So far so good, but whether any such conflict would create a basis for federal jurisdiction is a delicate question. See Jass, 88 F.3d at 1487-88 (explaining, in ERISA context, that "conflict" preemption, unlike "complete" preemption, creates a federal defense but does not create a basis for federal question jurisdiction). However, anything I might say about whether the "conflict" preemption doctrine applies in this context would be mere dictum, because DrugScan has neglected to show either that the duty Hanson alleges it has breached can be based only in the federal regulations, or, if it is based in the federal regulations, that there is any conflict with state law that might trigger preemption. It points to nothing in the federal regulations creating any duty of care owed to the subjects of drug testing or to any cause of action for violating such a duty, and it mentions no state law that conflicts in any way with any specific, identifiable federally imposed duty of care. Therefore, the federal regulations argument fails, and there is no preemption on that basis.

DrugScan's second argument for federal question jurisdiction is that Hanson's claim is preempted by § 301 of the Labor Management Relations Act. 29 U.S.C. § 185. Section 301 preempts claims directly founded on or "substantially dependent on analysis of a collective-bargaining agreement." Caterpillar Inc. v. Williams, 482 U.S. 386, 394, 107 S.Ct. 2425, 96 L.Ed.2d 318 (1987). If, in deciding a state law claim, it is necessary to interpret express or implied terms of a collective bargaining agreement, that claim is completely preempted by § 301, the claim is deemed federal in nature from its inception, and the complaint is deemed one that a defendant can remove. Atchley v. Heritage Cable Vision Assoc., 101 F.3d 495, 499 (7th Cir. 1996). DrugScan argues that the collective bargaining agreement lays out in detail the laboratory testing methodology and laboratory requirements for urine samples, referring me to Art. 35, sec. 3. DrugScan argues, therefore, that a court would have to interpret the agreement, and so § 301 preemption kicks in.

I don't think so. Although the preemptive effect of § 301 is broad, preemption does not occur in every situation where a collective bargaining agreement comes into play. Loewen Group Int'l, Inc. v. Haberichter, 65 F.3d 1417, 1421 (7th Cir. 1995). As the Supreme Court has said, "not every dispute concerning employment, or tangentially involving a provision of a collective bargaining agreement, is pre-empted by § 301 or other provisions of the federal labor law." Allis-Chalmers Corp. v. Lueck, 471 U.S. 202, 211, 105 S.Ct. 1904, 85 L.Ed.2d 206 (1985). When the meaning of a contract term is not the subject of dispute, "the bare fact that a [§ 301 contract] . . . will be consulted in the course of state law litigation plainly does not require the claim to be extinguished." Livadas v. Bradshaw, 512 U.S. 107, 123, 114 S.Ct. 2068, 129 L.Ed.2d 93 (1994). Section 301 says nothing about the substantive rights a state may provide to its workers when adjudication of those rights does not involve the interpretation of a collective bargaining agreement. Lingle v. Norge Div. of Magic Chef, Inc., 486 U.S. 399, 409-10, 108 S.Ct. 1877, 100 L.Ed.2d 410 (1988).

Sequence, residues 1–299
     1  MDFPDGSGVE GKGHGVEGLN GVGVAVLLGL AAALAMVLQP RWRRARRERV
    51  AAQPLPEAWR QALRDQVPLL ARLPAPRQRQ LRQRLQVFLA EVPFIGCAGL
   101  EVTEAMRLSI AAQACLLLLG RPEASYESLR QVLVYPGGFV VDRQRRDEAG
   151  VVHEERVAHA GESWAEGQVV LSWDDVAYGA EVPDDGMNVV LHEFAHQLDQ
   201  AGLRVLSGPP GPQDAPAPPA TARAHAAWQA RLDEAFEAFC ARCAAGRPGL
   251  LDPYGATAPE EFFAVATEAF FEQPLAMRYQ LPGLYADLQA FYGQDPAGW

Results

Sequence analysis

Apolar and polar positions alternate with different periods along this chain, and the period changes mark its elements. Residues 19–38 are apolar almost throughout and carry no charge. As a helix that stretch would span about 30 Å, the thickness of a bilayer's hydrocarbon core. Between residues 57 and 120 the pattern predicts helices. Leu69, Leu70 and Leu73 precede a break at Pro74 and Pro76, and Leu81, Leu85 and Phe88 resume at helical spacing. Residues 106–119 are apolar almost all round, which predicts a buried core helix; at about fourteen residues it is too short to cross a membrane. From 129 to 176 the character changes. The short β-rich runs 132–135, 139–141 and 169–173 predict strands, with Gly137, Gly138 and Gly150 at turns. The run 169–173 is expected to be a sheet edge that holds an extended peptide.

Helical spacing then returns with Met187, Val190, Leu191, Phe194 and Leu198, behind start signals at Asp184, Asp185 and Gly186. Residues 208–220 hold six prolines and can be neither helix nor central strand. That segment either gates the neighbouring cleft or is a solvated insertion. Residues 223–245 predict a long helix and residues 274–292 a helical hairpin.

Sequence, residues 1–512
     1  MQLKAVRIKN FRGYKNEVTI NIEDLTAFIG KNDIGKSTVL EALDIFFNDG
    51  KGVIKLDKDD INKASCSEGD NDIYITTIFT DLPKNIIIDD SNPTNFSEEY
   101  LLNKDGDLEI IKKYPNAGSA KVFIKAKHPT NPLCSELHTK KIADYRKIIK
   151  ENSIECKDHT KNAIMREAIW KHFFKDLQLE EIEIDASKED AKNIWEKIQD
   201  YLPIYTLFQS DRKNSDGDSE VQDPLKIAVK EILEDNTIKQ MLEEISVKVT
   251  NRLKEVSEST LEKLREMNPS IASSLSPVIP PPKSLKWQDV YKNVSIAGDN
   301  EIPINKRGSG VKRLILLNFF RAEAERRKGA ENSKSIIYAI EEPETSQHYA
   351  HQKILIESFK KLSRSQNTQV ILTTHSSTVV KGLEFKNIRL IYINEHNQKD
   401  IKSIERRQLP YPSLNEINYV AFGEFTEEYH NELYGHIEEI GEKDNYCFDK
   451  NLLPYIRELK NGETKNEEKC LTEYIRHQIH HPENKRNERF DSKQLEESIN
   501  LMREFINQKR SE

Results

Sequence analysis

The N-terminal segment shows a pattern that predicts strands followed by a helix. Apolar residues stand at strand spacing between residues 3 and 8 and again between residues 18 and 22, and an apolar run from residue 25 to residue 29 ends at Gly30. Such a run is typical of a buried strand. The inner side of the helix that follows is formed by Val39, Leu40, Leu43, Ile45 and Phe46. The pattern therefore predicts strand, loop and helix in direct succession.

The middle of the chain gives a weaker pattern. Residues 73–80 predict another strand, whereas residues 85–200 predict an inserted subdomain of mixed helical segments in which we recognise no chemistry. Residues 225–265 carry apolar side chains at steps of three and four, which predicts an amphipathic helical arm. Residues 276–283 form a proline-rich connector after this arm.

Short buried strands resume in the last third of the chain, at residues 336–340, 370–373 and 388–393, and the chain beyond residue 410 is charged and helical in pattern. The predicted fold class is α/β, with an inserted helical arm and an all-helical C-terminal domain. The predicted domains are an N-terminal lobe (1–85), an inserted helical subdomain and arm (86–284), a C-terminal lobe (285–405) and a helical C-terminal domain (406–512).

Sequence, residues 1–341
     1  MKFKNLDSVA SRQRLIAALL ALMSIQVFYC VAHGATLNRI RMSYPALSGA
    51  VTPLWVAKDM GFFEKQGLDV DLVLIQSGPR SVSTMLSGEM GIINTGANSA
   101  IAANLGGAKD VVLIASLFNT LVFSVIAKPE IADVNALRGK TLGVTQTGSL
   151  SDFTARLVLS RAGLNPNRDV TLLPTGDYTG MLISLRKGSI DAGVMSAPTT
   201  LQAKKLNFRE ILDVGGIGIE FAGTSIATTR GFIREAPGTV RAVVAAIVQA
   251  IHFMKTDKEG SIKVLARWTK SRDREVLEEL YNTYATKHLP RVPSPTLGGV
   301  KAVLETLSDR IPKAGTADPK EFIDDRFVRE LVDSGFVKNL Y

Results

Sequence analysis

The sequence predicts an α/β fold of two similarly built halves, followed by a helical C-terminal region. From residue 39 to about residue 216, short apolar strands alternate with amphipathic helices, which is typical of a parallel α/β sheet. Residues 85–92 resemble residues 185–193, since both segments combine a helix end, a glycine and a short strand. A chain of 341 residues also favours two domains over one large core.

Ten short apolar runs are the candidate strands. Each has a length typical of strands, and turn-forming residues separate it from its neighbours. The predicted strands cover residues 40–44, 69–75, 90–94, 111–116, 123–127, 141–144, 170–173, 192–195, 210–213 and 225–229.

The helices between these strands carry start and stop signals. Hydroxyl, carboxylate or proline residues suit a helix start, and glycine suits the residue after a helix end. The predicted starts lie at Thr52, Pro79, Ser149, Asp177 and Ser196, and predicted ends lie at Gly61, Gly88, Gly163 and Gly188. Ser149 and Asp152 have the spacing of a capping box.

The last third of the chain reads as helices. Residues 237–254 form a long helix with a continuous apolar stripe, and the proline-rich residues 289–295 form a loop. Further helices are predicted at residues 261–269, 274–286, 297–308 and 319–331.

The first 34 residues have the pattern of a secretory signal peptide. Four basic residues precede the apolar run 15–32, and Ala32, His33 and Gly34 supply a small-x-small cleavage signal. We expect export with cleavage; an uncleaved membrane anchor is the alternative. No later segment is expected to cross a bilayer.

In this case, DrugScan has not even shown that the collective bargaining agreement would have to be consulted in the litigation, much less identified any term of that agreement that would be in dispute. Here the mere fact that the collective bargaining agreement refers to drug testing, describes the procedures and methodology, and provides for random drug tests is insufficient. None of these terms are at issue. Hanson's claim is that DrugScan was negligent in testing his samples, and that does not raise a question of interpreting the meaning of the collective bargaining agreement. Contrast Chapple v. National Starch & Chemical Co., 178 F.3d 501, 508 (7th Cir. 1999) (preemption of wrongful discharge claim that depended on whether the "company acted properly in setting up the drug investigation and had sufficient cause to fire the plaintiffs"). The question in this case is only whether DrugScan exercised due care in carrying out testing that was only incidentally permitted by the collective bargaining agreement, and so only "tangentially involv[ed] a provision of a collective bargaining agreement." Lueck, 471 U.S. at 211, 105 S.Ct. 1904. I conclude that I lack federal question jurisdiction.

II.